What is yoga?
Very brief history and Arrie's approach
Yoga is an Ancient Indian practice which first developed through the wisdom of the Vedas. Over the millennia the practice and philosophy has been influenced by hermits and gurus practicing out in the far reaches of nature: high in the Himalayas and deep in the jungles of India, as well as teachers living and working in the cites and towns. Yoga has historically been influenced by eastern philosophies such as Hinduism and Buddhism, as well as the holistic medical science of Ayurveda.
In more modern times, due to the colonial efforts of Europeans, the practice of yoga, along with a number of other eastern philosophies and practices have circulated the world over. The globalization of the yoga practice has brought in a number of other influences the world over such as modern psychology, exercise science, and western medicine.
For my purposes, here on this website and in my practice and teachings, I want to honor both the history of the roots of the practice as well as appreciate it’s development over time. I approach yoga through the sense of therapeutics and personal development, bound more to efficacy and discernment than to tradition. For me the root of yoga philosophy and practice is to live life fully and authentically. There is insight and wisdom in both the tradition and modern research; the purely physical approach as well as the metaphysical.
My intention is to:
encourage those who find the most value in their own personal practice
offer a safe-space to explore the practice in groups
support therapeutic and spiritual processes
What is Yoga Therapy?
Yoga therapy is a holistic methodology that understands that a person's wellbeing is influenced by their whole self. Issues of the mind affect the body, and issues of the body affect the mind, and the individual is imbedded in community and environment which affect both the mind and body.
A yoga therapist is trained in using yoga philosophy and practices to help support clients with a variety of issues, including but not limited to:
chronic low back pain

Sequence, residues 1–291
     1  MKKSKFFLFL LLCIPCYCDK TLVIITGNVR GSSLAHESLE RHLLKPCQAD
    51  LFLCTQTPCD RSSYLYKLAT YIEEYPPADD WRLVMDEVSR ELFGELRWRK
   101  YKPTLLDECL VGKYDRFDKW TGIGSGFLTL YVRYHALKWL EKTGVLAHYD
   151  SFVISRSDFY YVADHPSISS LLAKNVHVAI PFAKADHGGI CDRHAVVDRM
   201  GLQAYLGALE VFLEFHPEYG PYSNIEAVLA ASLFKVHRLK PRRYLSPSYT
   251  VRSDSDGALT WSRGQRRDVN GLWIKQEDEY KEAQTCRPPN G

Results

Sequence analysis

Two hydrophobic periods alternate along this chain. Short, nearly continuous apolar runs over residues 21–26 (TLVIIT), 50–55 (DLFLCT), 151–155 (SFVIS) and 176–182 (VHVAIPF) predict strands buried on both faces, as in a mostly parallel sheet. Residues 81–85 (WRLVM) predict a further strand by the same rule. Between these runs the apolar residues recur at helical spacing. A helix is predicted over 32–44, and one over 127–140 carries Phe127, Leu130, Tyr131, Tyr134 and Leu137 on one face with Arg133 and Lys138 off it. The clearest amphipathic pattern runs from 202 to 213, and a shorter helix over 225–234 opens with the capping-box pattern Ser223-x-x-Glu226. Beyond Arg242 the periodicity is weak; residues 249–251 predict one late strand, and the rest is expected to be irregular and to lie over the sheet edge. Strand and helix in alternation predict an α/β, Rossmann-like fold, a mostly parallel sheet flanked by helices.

The scope of practice of yoga therapy is necessarily broad, and works best when in collaboration with other medical professionals and therapies especially in the cases of very acute issues.
Virtual Yoga Therapy
A virtual yoga therapy session offered through Zoom. For this session you'll need:
a stable internet connection
a computer or phone with Zoom
a microphone, speakers, or wireless headset.
a yoga mat, or some soft flooring to practice on
Some other things you might like:
an open wall space
pillows and blankets (for comfort)
stable props like a yoga block, or a piece of furniture close by
In-person yoga therapy
In-person yoga therapy is offered in-home (for an additional fee) and in office at 118 East Hospital Street, Nacogdoches, TX suite 300.
In person sessions offer the opportunity to engage with the practice in a quiet safe space and can include working hands-on. Physical contact and proximity can offer a very different experience than the online or even group based sessions. Due to the powerful nature of touch it is always optional and will be communicated. As is the nature of consent, it can be revoked at any time in the process.
Yoga therapy, at its core, is using yoga philosophy and practices in therapeutic service of the client. It is client-centered and holistic, and is regulated by the International Association of Yoga Therapists (IAYT). The basic credentials to become certified is an additional 1000-hours over at least two years of instruction on top of experience teaching yoga classes.
I often describe yoga therapy to the lay person as somewhere between physical therapy and mental health therapy. What I do looks a lot like physical therapy or uses counseling techniques, but the intention and the scope is different.
For more information on scope of practice click here.
As a holistic modality, yoga therapy as I practice it, respects and honors the expertise and experience of medical professionals.
The goal of yoga therapy as it relates to medicine:
Empower lifestyle changes by building awareness around unhealthy behaviors.
Provide emotional and moral support around the realities of the healing process, including pain management and coping with disabilities.
(chiropractors, physical therapists, personal trainers)
Yoga therapy can compliment physical therapy in these ways:
Increased adherence to physical therapy exercises
Helping clients to relax and reduce muscle tension
Addressing the psycho-emotional elements associated with pain, injury, and disability
For Mental Health Therapists
Yoga therapy can support the counseling process in these ways:
Mindfulness and body awareness
Experience navigating trauma triggers in a safe environment.
Every client is different, yet typically yoga therapy for clients who are seeing a mental health professional on a regular basis will focus on the present moment experience of the client.
Yoga therapy is different than “trauma informed yoga,” in that it is not about stopping or preventing triggers, but rather creating a space that allows for triggers to arise and pass in a contained space.
"Yoga therapy is a holistic healing art. Rather than prescribe treatments, it invites presence and awareness. Using age-old yogic approaches to deeper presence and awareness, we are able to know ourselves more fully. Out of that knowing, we are more easily moved to embrace the opportunity for change, growth, and enhanced well-being in body, feelings, thought, and spirit."